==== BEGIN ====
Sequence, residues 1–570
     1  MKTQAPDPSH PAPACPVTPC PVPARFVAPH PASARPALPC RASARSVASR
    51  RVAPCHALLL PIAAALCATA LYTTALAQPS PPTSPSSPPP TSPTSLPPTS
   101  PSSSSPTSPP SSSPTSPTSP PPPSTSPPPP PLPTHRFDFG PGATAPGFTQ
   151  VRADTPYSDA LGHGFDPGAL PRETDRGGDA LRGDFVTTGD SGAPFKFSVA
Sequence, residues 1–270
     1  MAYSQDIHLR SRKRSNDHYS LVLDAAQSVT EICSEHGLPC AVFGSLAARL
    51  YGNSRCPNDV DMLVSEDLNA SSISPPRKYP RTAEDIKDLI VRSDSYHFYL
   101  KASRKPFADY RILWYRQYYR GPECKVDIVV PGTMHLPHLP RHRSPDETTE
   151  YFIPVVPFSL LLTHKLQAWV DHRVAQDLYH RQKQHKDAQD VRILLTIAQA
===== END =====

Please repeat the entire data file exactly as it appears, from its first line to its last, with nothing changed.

Sequence, residues 1–570
     1  MKTQAPDPSH PAPACPVTPC PVPARFVAPH PASARPALPC RASARSVASR
    51  RVAPCHALLL PIAAALCATA LYTTALAQPS PPTSPSSPPP TSPTSLPPTS
   101  PSSSSPTSPP SSSPTSPTSP PPPSTSPPPP PLPTHRFDFG PGATAPGFTQ
   151  VRADTPYSDA LGHGFDPGAL PRETDRGGDA LRGDFVTTGD SGAPFKFSVA
Sequence, residues 1–270
     1  MAYSQDIHLR SRKRSNDHYS LVLDAAQSVT EICSEHGLPC AVFGSLAARL
    51  YGNSRCPNDV DMLVSEDLNA SSISPPRKYP RTAEDIKDLI VRSDSYHFYL
   101  KASRKPFADY RILWYRQYYR GPECKVDIVV PGTMHLPHLP RHRSPDETTE
   151  YFIPVVPFSL LLTHKLQAWV DHRVAQDLYH RQKQHKDAQD VRILLTIAQA